From the WS Journal, By John Hinton
The King City Council voted 4-0 last night to approve a policy that eventually would let a Christian flag fly again at a Veteran’s Memorial at the city’s Central Park as a part of a limited public display allowing religious flags recognized by the U.S. military.
The vast majority of the crowd gathered at last night’s meeting — about 60 people in the council’s chambers and another 20 people standing outside the doors —was opposed to the council’s action.
Many said that the council should have immediately returned the flag to the memorial.
“It’s a shame and a disgrace,” said Kevin Winemiller of Winston-Salem, one of 20 people to speak during the meeting’s public comment period. He is a chaplain with the Army National Guard. “It’s an attack upon Christianity, and it has to stop.”
City officials said they plan to spend two months working out the policy’s details with their attorneys, and that the flag will stay down until the new rules are in place.
The issue has been a flashpoint of controversy for several months after the council decided to take down a Christian flag at the memorial.
The council had considered two other options regarding the flag — transferring the Veteran’s Memorial to a private entity such as a veterans group or upholding their previous decision to remove a Christian flag from the memorial.
Council Member Terri Fowler said she opposed transferring the memorial to a private group because it is city-owned property. Fowler and Council Members Dillard Burnette and Wesley Carter said they supported the limited-display approach as the best way to honor veterans.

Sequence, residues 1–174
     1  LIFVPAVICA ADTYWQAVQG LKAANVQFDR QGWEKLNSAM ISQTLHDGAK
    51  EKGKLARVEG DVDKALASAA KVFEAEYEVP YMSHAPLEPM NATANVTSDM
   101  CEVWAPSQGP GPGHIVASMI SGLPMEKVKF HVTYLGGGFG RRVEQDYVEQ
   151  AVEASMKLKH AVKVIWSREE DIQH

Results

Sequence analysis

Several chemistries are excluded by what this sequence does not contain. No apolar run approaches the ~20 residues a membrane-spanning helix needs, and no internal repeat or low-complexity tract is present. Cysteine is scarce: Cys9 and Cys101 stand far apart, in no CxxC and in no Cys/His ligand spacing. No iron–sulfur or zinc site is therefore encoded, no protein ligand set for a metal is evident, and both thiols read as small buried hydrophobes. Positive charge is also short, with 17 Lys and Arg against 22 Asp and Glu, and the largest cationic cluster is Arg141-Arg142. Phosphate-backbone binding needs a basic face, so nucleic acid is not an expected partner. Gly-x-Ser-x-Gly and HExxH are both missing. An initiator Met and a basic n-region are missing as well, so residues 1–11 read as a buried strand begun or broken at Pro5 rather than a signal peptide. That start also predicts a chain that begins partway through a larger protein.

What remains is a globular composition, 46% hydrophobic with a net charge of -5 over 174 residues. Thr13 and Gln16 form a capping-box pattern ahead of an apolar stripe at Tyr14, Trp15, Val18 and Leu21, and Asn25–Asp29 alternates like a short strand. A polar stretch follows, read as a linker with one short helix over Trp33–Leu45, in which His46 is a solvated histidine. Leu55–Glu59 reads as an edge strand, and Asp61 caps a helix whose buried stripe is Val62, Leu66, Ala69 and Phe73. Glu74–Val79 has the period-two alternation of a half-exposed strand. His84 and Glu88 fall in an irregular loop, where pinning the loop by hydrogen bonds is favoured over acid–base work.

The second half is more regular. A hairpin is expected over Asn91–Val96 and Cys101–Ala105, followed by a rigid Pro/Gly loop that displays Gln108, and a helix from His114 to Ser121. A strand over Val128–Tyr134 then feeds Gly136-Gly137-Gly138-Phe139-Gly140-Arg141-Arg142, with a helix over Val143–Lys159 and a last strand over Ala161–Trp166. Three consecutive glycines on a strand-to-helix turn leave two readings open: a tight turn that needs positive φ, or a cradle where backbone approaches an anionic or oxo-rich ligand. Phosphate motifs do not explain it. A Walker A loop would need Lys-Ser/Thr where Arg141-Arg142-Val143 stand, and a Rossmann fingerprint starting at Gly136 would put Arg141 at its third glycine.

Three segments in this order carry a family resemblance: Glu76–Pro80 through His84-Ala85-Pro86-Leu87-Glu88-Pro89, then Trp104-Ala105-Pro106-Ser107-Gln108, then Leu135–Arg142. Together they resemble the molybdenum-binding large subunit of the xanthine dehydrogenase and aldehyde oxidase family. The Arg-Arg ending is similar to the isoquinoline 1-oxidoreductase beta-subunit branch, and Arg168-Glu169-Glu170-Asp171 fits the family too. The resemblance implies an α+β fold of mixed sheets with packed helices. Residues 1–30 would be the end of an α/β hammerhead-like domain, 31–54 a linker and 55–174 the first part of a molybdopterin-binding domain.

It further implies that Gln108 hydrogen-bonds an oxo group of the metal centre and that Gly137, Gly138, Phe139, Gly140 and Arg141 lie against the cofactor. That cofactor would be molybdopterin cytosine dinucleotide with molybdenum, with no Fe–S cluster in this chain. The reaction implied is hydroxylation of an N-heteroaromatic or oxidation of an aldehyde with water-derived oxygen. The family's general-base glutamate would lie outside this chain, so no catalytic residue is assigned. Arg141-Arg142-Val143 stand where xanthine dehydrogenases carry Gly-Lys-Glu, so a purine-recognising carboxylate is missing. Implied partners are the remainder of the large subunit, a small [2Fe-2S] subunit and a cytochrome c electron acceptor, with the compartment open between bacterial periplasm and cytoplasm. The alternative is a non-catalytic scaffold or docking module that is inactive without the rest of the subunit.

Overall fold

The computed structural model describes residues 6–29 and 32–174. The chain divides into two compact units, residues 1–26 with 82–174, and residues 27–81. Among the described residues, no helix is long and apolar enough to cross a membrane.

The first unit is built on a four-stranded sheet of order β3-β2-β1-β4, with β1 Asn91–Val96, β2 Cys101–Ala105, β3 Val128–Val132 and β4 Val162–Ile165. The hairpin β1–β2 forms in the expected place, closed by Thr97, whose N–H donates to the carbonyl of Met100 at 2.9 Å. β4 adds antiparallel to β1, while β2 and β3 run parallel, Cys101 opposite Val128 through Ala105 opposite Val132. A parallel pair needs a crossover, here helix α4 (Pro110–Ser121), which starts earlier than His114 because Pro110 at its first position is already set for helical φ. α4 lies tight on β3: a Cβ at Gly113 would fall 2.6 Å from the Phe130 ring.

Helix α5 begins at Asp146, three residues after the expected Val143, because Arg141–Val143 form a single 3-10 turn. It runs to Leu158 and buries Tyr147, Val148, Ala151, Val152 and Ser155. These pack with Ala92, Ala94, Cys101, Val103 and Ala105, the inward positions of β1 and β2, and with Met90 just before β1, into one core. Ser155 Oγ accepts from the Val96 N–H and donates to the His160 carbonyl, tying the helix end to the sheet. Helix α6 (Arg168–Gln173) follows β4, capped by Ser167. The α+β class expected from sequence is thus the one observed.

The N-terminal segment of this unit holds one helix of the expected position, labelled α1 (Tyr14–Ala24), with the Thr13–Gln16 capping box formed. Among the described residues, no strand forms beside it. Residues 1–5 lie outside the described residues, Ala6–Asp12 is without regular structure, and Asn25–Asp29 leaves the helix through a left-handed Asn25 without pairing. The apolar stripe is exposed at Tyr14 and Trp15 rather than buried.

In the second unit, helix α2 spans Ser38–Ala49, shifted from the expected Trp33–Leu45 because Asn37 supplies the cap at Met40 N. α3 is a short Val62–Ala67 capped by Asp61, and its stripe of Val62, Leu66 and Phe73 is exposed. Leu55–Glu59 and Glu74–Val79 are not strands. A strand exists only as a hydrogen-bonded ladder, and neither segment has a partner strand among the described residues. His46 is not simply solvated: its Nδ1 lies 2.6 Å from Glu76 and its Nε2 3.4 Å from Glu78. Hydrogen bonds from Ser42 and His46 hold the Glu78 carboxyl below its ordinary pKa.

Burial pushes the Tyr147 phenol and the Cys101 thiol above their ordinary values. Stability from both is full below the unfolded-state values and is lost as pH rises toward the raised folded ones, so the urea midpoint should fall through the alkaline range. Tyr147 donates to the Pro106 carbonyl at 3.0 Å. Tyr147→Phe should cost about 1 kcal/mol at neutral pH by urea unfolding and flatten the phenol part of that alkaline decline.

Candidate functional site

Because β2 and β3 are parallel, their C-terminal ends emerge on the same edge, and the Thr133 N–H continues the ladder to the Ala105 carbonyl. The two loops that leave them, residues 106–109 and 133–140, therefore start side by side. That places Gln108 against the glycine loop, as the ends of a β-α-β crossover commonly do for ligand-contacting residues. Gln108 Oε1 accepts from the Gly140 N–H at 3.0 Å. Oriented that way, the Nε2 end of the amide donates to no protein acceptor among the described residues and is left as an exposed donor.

“It is time to set this thing to rest and move forward,” Burnette said.
The dispute began this summer when a veteran, who lives in King, complained about the Christian flag being flown at the memorial. In mid-August, the council and the city attorney received letters from the American Civil Liberties Union of North Carolina and the Americans United for the Separation of Church and State.
Both groups urged the council to remove the flag, saying the flag was a violation of the First Amendment.
On Sept. 15, the council voted 3-1 to take down the flag, on the advice of their city attorney. The flag had flown next to the U.S. flag, the North Carolina state flag, the city’s flag and several military flags.
Prior to that, nearly 1,000 people attended public hearings and rallies to protest the flag’s removal. Many people showed their support by flying the Christian flag at their homes, businesses and shops.
Only a handful of King residents publicly supported the council’s decision to remove the flag.